Teaching Children with Special Needs: What the Heck is Executive Function?

Last time I talked about labeling. We've applied labels to types of disabling conditions for decades. Once we apply a name to a level of intellectual functioning, it quickly becomes something heard as a slur. We rely on labels because they help to provide a framework for discussion. The first time I heard the term "executive function," I thought someone was talking about a CEO of a big company robbing the poor to give to the rich. I assumed it was about functioning, and what other kind of executive can there be? In fact, executive functioning is a broad term to describe upper-level thinking skills. In Google's dictionary it says:

 Executive Functions:  "(also known as cognitive control and supervisory attentional system) is an umbrella term for the management (regulation, control) of cognitive processes, including working memory, reasoning, task flexibility and problem solving as well as planning and execution."

 These are the skills we take for granted every day as we look through our closet in the morning to pick out something to wear. The skills are critical to defining the thought processes that make us human. Obviously, it's more important than choosing sweater colors. In the broader category of learning disabilities, executive functioning disabilities refer to problems with a child's ability to:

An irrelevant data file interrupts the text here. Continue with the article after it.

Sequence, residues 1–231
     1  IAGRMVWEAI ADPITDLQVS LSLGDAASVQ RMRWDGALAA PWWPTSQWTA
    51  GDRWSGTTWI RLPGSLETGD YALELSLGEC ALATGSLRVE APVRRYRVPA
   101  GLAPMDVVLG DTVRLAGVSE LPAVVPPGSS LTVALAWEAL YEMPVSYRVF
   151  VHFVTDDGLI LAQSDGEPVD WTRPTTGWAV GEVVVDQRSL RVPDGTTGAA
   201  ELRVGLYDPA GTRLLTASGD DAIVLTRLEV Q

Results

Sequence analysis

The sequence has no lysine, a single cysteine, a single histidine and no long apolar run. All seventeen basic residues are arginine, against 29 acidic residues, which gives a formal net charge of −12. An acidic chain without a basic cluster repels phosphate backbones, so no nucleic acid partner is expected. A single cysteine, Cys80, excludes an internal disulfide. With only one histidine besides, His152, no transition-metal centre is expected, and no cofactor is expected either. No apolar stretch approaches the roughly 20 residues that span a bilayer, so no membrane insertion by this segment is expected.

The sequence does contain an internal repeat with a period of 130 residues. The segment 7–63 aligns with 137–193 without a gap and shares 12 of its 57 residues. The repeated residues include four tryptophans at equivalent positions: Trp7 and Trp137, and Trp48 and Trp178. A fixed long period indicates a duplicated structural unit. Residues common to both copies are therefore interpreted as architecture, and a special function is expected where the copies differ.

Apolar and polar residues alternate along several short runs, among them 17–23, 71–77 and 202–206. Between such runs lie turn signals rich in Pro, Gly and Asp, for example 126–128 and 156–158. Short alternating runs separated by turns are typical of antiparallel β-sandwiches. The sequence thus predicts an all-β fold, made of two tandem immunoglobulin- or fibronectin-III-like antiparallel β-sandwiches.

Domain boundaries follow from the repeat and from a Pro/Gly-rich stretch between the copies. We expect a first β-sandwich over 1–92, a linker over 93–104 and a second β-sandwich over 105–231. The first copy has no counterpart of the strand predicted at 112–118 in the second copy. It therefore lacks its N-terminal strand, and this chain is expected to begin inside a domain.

• Stay punctual
  •  Make complex plans
  •  Finish an assignment on time
  •  Perform more than one task at a time (multitask)
  •  Use information to solve problems
  •  Analyze concepts and ideas

These tasks take place in the frontal lobe of the brain. Higher order thinking skills take place here.

Identifying a student with executive functioning disabilities can be difficult. The most comprehensive method for assessing a child's organizational abilities and determining their cause is a neuropsychological evaluation. When a teacher refers a child for a special education evaluation it is important to decide if a complete neuropsych exam is necessary. A child can then be administered tests to measure intelligence, sensory perception, motor functions, attention, and memory. This is a rigorous review and must be performed by a doctoral-level (Ph.D., Psy.D.) psychologist trained in neuropsychology, so it is not something that can be performed in the classroom.


We can strengthen these abilities in the classroom with training. You can learn more about the degree of the disability as part of an overall neurological test.

It is fair to say the skills involved are very important for a child to master. Maturity does play a role here; we've all had students who are behind their peers in decision-making abilities.

Here are some resources that might shed light on the subject:

Neva Fenno, M.S.Ed., MLI 

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